Believers will give account for everything that they have said at the judgment seat of Christ.

“But I say to you that men and women will give account for every idle word they speak  in the day of judgment” (Matthew 12:36, Dale’s sight translation).

Here Jesus is telling about the personal responsibility that people have for what they say. It’s not, ‘Just talking.’ He obviously means something more wicked than small talk and chitchat about the weather. It’s the careless slander and reckless words that are let fly without regard to their truth or their effect (Ephesians 4:29-30). Sometimes even professed believers seem to have a definition of sin that is no higher than not having committed murder lately, or not having openly committed sexual sins that receive the disapproval from church people. Loose tongues receive little attention and talk is treated as something that is cheap. Yet even the words of believers will definitely be something that they give account of before Jesus Christ personally.

This will include everything that believers think will remain secret and hidden because it is not open and evident to other people.

“Therefore judge nothing before the time when the Lord comes, who will bring to light the hidden things of darkness and make known the thoughts of their hearts; and then praise will come to each one from God.” (II Corinthians 4:5, Dale’s sight translation).

“For there is nothing hidden that will not be made manifest, and nothing secret that will not be made known.” (Mark 4:22, Dale’s sight translation)

This means that no one will ultimately get away with anything that breaks the moral law of God. This reality should drive believers away from any idea that their standard of conduct can remain as anything that trying to get away with before man that they can. This low standard of right and wrong is most likely part of the mentality of anyone who is trying to keep up a religious reputation but continues in thinking, saying and doing things which that person knows are contrary to the Word of God. Sometimes it seems as if some professed believers seem to think that their actions are OK if God does not immediately swat them down. Rather, the truth is that God may and most probably does allow some things to wait until he has a final day in court with each one of us.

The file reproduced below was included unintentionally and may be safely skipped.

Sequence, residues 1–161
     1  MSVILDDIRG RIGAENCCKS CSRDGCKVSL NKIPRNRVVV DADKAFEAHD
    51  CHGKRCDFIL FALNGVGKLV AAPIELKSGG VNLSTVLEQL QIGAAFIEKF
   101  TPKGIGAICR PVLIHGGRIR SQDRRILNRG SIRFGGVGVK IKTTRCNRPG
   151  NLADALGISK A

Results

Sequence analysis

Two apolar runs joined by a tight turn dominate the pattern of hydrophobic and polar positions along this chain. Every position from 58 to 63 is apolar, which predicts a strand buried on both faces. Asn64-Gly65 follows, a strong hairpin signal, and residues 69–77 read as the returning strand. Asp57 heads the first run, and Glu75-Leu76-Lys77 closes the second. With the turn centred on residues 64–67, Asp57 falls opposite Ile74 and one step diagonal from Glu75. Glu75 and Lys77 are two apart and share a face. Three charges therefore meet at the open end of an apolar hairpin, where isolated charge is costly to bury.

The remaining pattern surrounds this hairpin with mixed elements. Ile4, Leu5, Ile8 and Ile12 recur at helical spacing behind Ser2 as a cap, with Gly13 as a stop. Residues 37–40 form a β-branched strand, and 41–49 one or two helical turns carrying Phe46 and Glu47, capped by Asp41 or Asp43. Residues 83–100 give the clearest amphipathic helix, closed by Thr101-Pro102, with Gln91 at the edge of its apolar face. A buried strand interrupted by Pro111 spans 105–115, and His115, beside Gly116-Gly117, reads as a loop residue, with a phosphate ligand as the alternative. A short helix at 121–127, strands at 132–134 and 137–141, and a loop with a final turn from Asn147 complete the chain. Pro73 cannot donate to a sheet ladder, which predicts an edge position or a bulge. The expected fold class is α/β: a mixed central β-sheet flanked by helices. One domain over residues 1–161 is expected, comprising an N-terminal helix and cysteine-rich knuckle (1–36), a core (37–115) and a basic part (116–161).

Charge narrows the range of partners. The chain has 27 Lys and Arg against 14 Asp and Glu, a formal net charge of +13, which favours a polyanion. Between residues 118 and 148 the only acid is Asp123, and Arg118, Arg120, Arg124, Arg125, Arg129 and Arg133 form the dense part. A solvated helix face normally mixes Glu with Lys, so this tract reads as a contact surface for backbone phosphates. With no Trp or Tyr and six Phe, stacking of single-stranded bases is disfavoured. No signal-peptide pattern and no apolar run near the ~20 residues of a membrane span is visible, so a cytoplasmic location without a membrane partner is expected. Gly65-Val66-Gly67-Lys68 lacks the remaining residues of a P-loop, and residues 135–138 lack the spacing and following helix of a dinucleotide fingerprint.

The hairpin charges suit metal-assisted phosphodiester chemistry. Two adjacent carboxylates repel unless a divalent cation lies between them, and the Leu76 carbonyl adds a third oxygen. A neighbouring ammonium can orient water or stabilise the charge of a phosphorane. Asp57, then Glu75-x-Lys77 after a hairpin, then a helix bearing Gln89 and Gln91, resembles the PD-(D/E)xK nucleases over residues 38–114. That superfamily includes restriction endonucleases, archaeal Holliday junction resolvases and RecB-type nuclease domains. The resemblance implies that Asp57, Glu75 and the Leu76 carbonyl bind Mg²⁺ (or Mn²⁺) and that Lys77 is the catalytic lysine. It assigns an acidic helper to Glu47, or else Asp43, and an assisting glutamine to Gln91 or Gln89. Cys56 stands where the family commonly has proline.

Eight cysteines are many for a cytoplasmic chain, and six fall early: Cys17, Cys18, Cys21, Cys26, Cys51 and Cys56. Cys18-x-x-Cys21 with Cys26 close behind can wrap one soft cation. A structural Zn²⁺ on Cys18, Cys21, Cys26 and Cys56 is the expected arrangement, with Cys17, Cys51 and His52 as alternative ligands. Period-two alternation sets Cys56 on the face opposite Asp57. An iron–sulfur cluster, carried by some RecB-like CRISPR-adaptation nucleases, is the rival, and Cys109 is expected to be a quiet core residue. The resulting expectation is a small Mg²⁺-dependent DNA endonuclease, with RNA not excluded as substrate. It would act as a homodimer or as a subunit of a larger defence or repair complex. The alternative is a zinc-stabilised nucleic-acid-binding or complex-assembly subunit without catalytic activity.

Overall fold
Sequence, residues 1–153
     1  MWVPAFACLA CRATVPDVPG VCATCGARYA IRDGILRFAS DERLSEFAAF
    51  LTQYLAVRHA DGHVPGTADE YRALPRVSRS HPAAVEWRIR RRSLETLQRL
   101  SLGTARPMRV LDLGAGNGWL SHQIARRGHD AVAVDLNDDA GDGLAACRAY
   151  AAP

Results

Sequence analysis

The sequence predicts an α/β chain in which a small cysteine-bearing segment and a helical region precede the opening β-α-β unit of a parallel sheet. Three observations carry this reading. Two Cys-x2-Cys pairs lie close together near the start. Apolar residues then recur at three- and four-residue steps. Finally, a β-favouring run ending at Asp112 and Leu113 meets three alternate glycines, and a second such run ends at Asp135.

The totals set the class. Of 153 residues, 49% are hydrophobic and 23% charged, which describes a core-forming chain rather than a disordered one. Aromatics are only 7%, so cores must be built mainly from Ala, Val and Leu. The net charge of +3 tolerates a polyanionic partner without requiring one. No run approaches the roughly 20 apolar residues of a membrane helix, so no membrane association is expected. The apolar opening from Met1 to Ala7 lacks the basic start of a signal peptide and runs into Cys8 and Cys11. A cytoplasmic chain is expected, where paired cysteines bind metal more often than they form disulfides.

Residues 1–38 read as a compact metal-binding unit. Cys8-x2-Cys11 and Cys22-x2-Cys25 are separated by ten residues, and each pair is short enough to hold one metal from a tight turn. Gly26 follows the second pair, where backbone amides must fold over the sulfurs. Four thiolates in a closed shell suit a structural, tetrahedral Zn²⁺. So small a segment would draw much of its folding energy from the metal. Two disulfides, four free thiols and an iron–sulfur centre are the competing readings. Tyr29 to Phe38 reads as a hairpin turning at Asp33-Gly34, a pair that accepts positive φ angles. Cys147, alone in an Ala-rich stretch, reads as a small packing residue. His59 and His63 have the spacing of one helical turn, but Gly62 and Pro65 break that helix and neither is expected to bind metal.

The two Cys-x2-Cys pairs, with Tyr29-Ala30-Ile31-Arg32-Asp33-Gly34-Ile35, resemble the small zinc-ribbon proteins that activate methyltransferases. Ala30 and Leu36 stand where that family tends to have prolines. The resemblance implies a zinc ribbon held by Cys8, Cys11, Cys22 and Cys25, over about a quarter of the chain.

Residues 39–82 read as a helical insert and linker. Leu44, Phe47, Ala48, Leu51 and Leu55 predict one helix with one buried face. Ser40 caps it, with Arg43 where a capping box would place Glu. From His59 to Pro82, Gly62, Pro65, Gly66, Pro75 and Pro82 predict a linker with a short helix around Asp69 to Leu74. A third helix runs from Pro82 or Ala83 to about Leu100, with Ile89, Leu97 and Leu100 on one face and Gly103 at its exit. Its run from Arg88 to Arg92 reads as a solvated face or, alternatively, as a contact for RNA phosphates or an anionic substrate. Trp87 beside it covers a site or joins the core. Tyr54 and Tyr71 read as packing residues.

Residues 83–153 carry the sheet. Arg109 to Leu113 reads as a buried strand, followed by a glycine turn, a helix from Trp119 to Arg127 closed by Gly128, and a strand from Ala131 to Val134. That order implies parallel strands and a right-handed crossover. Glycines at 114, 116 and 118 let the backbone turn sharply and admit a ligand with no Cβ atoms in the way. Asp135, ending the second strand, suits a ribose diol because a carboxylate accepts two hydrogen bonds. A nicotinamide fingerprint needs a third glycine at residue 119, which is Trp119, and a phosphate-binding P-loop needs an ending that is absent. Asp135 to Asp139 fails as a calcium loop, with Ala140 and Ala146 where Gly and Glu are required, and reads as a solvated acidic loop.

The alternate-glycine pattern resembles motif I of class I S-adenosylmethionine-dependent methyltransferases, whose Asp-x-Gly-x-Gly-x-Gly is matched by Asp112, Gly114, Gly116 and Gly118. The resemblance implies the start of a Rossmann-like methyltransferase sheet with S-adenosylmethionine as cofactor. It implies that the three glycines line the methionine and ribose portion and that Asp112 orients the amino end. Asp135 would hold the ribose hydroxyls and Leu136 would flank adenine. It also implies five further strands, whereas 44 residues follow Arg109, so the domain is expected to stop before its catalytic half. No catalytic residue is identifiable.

The standard of judgment will be the moral law of God, whether received through the written Word of God or through the less reliable light of conscience.

“The person who rejects men and does not receive my words has something which judges him; the word which I have spoken judges that person in the Last Day” (John 12:48, Dale’s sight translation).

For those who do not have access to the Word of God, through being in an isolated part of the world, the moral law as reflected in the lesser light of conscience, as the apostle Paul wrote: “. . .  for when the Gentiles who do not have the Law do by nature the things set down in the Law, they who do not have the Law are act as a Law for themselves. They show the deeds set down in the Law written in their hearts, as their conscience bears witness with them, and their own thoughts either accusing or excusing them, on the day when God judges the secrets of mankind, according to my gospel, through Jesus Christ” (Romans 2:14-16, Dale’s sight translation).